Adding a gene from a wild potato to the varieties we eat could stop a devastating potato disease.
If you're like most people, the biggest potato crisis you ever face is the common lunchtime question: "Do you want fries or chips with that?"
Potato farmers have much bigger worries. A serious disease called blight threatens potatoes all over the world. Millions of people starved when the disease destroyed potato crops in Ireland and elsewhere 150 years ago. Today, farmers spend billions of dollars every year to fight the disease.
The healthy potato plant on the right had an extra gene added to protect it from potato blight whereas the one in the middle did not. The plant on the left wasn't exposed to blight.
|John Helgeson/Univ. of Wisconsin|
Now, scientists say they have found a new weapon against blight: a potato that has already solved the problem on its own.
A wild variety of potato called Solanum bulbocastanum is immune to blight. Researchers from Wisconsin and California extracted four carefully chosen genes from a batch of S. bulbocastanum plants. They then spliced one gene into each of four groups of potato plants.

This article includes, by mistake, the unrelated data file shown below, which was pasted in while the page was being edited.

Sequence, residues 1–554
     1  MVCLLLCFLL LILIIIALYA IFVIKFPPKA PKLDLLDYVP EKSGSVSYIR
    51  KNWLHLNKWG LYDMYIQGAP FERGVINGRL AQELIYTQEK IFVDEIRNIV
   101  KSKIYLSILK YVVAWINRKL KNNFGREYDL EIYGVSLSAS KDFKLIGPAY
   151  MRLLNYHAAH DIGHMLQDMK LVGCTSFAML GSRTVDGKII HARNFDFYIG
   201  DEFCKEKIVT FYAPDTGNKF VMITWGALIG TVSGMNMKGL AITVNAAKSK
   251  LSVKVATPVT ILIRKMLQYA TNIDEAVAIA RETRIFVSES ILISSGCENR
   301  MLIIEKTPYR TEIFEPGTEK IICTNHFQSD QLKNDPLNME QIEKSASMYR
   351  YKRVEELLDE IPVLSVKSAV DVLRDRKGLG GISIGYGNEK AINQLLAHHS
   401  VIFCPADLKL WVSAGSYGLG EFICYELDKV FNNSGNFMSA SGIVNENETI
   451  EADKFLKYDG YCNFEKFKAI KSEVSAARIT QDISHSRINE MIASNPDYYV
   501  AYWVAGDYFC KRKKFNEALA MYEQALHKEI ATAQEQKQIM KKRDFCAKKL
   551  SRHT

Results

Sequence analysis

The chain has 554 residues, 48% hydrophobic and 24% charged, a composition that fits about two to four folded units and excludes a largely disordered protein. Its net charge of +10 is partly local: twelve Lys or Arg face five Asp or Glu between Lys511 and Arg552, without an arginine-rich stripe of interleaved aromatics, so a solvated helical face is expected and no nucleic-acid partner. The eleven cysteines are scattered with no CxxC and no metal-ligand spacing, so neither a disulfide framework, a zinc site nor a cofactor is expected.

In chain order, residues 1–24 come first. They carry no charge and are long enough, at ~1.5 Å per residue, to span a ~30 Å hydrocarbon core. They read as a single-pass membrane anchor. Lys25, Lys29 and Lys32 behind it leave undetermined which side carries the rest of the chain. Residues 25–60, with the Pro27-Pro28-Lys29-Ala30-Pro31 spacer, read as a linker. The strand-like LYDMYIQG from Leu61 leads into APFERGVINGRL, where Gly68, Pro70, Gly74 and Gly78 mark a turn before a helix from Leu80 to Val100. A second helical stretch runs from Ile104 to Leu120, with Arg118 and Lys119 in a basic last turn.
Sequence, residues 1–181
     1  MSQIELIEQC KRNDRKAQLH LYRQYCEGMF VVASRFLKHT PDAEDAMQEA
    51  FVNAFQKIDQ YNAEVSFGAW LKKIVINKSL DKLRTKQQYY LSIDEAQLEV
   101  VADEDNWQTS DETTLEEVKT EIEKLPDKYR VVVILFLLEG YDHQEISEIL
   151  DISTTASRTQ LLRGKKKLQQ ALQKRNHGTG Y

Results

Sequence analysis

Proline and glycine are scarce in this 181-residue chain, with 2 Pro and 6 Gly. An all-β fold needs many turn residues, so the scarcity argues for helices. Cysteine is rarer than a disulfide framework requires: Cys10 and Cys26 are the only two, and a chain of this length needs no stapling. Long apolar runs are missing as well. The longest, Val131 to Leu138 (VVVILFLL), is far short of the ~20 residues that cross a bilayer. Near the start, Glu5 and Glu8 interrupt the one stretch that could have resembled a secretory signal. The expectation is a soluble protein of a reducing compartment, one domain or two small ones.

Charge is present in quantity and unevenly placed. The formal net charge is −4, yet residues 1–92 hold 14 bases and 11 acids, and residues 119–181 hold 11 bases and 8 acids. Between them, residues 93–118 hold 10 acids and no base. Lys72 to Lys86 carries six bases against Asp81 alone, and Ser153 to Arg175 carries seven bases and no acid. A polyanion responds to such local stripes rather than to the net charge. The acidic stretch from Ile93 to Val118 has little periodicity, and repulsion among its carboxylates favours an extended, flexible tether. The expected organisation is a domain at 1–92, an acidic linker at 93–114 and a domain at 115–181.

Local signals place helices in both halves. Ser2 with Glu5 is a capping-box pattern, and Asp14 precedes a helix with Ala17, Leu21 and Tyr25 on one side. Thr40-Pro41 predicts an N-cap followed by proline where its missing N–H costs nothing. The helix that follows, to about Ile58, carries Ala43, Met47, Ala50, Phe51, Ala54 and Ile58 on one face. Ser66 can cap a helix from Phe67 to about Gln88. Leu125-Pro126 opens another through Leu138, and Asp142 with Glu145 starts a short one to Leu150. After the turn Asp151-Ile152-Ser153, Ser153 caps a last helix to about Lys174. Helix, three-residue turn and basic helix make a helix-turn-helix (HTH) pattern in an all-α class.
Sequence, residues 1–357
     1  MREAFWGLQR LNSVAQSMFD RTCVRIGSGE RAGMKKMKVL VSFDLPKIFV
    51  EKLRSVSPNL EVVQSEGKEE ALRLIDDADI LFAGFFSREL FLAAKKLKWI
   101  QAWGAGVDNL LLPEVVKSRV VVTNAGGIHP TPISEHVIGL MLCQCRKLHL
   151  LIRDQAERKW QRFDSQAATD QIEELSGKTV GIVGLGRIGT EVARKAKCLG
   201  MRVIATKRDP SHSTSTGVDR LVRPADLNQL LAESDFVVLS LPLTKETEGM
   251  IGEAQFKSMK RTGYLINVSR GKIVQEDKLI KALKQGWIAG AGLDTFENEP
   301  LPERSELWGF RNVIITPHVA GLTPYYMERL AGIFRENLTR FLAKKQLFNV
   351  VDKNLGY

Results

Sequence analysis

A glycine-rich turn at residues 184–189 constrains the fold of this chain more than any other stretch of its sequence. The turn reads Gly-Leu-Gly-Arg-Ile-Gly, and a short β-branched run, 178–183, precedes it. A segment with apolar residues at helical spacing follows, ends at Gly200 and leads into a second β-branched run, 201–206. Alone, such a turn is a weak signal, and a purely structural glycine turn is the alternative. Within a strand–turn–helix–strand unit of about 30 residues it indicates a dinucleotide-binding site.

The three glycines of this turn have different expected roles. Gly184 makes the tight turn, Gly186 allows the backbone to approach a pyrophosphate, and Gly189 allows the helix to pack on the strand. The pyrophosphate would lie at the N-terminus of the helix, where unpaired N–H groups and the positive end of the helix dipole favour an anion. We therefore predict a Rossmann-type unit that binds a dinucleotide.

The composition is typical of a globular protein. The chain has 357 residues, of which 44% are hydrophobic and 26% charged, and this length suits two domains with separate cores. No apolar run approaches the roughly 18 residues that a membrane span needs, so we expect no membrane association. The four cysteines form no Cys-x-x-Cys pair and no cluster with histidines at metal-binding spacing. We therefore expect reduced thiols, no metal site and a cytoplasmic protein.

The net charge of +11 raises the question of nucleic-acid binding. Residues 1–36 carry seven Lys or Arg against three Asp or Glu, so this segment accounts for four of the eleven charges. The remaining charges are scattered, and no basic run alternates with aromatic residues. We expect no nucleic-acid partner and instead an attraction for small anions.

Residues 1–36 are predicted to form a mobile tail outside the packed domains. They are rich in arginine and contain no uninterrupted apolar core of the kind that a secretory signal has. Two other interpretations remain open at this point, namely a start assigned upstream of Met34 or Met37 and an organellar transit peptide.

When the researchers exposed all four groups of potatoes to the funguslike organisms that cause blight, one bunch stayed healthy. The scientists think the gene that went into the healthy bunch is critical for blight resistance.
Farmers normally use toxic chemicals to fight blight. Using genetic engineering techniques could be less expensive and kinder to the environment, some researchers say.
Other people are more concerned about transferring genes from one species to another. No one knows how the technology will affect the environment or evolution.
Still, the possibility of keeping potato crops strong and healthy is appealing. Among other things, it would mean a steady supply of french fries for years to come. And, goodness knows, a french fry crisis would be quite hard for many of us to bear!—E. Sohn
McDonagh, Sorcha. 2003. Stout potatoes: Armed with a new gene, spuds fend off blight. Science News 164(July 19):35. Available at http://www.sciencenews.org/20030719/fob1.asp .